You might want to look into type classes, which provide very similar functionality in a more general fashion. In particular, I very much recommend the "Type Classes as Objects and Implicits" paper. I remember going from C# to Scala and discovering type classes - that was an absolute blast!
Apr 14, 2014 at 10:52 AM
AdamSpeight2008 wrote:
More expressive Constraints would have allowed Sum to be defined like this
Something like this has been discussed here: http://roslyn.codeplex.com/discussions/541436

The main problem is that the CLR has no support for such constraints, you can't encode them in metadata nor there's any reasonably efficient way to call such methods in IL. Something like the Sum method in your example can actually be implemented efficiently in C# but you need an additional type argument and because of that you lose generic argument type inference, basically you have to write something like Sum<int, Int32Calculator>(new[] { 1, 3 }) instead of just Sum(new[] { 1, 3 }).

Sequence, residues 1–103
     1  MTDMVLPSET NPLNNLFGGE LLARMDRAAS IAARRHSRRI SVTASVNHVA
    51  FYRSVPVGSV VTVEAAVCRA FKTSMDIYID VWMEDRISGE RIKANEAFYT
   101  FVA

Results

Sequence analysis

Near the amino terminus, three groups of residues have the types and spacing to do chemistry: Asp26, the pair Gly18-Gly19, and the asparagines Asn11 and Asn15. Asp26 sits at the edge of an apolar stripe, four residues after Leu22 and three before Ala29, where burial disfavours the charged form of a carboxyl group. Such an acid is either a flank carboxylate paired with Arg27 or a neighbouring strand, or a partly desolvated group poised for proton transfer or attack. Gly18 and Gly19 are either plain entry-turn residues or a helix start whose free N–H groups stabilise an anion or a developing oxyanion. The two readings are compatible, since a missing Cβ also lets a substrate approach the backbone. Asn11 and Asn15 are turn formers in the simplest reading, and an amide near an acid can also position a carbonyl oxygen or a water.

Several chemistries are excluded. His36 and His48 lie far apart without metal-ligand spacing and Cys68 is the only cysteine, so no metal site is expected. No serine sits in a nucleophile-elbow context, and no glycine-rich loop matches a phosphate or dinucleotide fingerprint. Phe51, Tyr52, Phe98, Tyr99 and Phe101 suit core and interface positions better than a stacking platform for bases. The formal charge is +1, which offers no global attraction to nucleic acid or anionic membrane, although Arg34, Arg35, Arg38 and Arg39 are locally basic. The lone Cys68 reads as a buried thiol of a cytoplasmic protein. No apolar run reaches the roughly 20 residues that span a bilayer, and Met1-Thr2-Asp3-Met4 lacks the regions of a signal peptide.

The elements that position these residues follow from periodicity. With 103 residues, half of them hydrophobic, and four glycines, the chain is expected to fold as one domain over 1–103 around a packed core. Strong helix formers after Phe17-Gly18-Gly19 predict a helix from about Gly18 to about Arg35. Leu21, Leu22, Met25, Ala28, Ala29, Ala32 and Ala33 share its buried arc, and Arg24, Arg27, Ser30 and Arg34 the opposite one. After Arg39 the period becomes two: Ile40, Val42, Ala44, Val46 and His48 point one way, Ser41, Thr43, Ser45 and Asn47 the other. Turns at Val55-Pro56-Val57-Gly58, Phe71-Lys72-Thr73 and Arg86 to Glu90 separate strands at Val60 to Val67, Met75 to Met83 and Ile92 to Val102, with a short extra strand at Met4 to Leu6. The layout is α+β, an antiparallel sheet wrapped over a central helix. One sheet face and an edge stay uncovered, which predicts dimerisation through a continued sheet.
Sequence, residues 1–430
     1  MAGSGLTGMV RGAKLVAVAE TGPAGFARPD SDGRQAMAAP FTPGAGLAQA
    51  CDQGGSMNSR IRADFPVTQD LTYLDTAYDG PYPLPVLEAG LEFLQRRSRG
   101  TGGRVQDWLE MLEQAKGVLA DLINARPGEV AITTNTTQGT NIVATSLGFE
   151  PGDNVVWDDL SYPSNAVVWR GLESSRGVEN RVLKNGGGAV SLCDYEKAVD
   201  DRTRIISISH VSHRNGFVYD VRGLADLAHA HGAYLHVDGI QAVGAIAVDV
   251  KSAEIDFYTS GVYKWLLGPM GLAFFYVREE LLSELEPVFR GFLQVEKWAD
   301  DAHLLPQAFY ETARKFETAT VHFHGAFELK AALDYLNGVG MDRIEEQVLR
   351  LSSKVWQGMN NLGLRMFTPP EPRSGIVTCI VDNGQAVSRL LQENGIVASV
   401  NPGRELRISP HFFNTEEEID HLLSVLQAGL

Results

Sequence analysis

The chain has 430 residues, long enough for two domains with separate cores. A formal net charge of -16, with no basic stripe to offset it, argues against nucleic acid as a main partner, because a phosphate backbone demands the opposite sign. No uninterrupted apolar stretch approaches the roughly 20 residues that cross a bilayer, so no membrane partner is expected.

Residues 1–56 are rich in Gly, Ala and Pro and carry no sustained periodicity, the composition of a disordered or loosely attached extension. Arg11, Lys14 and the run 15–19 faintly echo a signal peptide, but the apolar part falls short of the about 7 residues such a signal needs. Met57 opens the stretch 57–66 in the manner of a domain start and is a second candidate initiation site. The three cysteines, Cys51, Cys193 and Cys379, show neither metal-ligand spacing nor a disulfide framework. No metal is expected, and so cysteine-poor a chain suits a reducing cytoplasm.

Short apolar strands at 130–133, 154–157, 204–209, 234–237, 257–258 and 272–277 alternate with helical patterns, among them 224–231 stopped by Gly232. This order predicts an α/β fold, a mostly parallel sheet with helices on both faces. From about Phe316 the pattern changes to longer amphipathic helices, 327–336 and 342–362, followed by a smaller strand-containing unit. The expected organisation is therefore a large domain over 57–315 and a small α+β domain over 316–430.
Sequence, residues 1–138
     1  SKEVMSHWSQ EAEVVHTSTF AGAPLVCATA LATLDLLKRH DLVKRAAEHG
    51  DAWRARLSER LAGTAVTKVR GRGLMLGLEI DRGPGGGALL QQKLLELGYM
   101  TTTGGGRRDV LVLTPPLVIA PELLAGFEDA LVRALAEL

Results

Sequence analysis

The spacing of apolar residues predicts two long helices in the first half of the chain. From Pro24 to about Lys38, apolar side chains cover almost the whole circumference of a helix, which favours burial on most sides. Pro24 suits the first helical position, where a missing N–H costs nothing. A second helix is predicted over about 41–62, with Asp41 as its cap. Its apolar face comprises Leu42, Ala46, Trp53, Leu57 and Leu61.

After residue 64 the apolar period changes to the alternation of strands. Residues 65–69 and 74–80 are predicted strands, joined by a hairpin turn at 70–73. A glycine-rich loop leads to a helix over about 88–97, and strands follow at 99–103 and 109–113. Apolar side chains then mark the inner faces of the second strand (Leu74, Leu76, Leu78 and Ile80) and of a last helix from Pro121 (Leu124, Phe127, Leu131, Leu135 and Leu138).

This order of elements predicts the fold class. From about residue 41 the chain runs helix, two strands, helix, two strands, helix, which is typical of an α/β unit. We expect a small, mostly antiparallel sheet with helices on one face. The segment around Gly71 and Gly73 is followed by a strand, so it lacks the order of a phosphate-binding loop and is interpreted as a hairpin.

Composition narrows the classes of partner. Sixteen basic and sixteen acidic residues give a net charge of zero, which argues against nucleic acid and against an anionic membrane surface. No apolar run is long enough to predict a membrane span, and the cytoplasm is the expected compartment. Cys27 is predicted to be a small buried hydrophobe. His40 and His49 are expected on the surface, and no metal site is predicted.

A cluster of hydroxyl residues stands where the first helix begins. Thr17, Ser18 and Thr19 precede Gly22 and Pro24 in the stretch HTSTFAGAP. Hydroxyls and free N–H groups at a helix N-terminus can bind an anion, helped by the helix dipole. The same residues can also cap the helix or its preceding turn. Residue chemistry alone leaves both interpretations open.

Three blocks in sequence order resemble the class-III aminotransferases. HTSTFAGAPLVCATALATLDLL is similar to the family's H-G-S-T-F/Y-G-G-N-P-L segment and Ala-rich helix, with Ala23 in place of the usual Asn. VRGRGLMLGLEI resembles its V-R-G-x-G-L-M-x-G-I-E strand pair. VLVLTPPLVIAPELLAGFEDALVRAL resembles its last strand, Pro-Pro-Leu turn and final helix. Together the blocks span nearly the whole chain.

As for T! constraints, well, the idea of non nullability has a lot of holes to begin with. Having a T! constraint wouldn't solve much.
Apr 14, 2014 at 11:23 AM
Edited Apr 14, 2014 at 6:29 PM
mdanes My proposal is different and doesn't need the requirements of static interface members.
static T Sum<T> ( this IEnumerable<T> source )
   where static T Zero,   /* <- requires the type (T) to have a static method called Zero that returns a type */
         static T op_Plus ( T x, T, y )  /* requires the type (T) to have a static method (operator +) that is a Func<T,T,T> */ 
{
  T total = (T).Zero; /* uses the static method zero on the type T */
  foreach( value In source)
  {
    total = total + value; /* uses the  + operator from type (T) */
  }
  return total; 
}
Other example
 where T : class, /* is a ref type */